The Florida kingsnake is now considered an intergrade between L. g. floridana and L. g. getula. The Florida king is a subspecies that is different than the rest of the kingsnakes due to the presence of 22 to 66 light (orange and yellow) crossbands on a dark brown background. Cages should be escape proof, complete with water and hiding area. Kingsnakes and milk snakes must be housed separately (except during breeding season) because they are cannibalistic. Inexpensive enclosures such as plastic shoe or sweater boxes work well if there are ventilation holes drilled in the sides. Aquariums or home-made enclosures also work well if you want to display the snake. A variety of substrates may be used (aspen shavings, corn-cob-type rodent bedding or newspaper) to keep the animals clean, warm and dry. Kingsnakes will feed on just about anything. They will consume warm-blooded prey such as rodents and birds, as well as cold-blooded prey such as lizards and frogs (in addition to other snakes). Many species adapt well in captivity if kept between 80 and 85 degrees Fahrenheit, with a nighttime drop of five to 10 degrees. Temperature control is important as it maintains feeding response and digestion.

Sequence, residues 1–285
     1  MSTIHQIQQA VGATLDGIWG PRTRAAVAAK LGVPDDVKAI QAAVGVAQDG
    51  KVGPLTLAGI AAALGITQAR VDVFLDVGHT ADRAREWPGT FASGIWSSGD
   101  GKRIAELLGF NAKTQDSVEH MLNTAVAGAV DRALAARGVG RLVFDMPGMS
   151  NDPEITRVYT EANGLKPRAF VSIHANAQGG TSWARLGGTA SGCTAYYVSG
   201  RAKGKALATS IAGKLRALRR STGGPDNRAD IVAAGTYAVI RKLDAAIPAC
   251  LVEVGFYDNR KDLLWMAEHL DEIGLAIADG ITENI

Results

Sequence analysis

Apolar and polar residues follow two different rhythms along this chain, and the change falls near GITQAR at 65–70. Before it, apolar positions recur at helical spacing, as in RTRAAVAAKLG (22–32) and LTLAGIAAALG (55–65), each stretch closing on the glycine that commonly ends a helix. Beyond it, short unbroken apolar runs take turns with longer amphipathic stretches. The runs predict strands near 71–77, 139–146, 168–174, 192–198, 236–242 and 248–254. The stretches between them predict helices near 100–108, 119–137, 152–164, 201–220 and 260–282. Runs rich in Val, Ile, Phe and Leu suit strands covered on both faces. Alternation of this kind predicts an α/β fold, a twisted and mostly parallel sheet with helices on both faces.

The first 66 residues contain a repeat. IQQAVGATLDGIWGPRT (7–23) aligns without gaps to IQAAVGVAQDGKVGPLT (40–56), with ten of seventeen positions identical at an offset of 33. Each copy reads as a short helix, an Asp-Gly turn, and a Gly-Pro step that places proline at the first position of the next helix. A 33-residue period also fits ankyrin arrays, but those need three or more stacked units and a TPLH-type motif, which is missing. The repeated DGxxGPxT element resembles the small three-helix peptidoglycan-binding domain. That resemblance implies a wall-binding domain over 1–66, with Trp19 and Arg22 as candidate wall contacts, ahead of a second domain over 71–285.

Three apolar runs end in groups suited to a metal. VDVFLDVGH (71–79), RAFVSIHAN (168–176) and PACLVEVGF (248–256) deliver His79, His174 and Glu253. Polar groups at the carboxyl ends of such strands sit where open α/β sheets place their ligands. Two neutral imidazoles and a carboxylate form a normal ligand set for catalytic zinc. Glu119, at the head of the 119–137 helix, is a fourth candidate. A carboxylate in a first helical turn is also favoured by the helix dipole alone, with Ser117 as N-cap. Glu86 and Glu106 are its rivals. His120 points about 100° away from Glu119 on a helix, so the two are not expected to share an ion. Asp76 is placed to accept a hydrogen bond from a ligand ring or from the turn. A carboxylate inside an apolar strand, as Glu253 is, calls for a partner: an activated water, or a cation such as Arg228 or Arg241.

Swamps, everglades and subtropical areas. Often found near sugarcane fields.
Throughout central and northern Florida.
Scientific Name: Lampropeltis g. floridana and L. g. getula
Species Group: kingsnake
Size: It reaches 5 or more feet in length and is fairly heavy-bodied.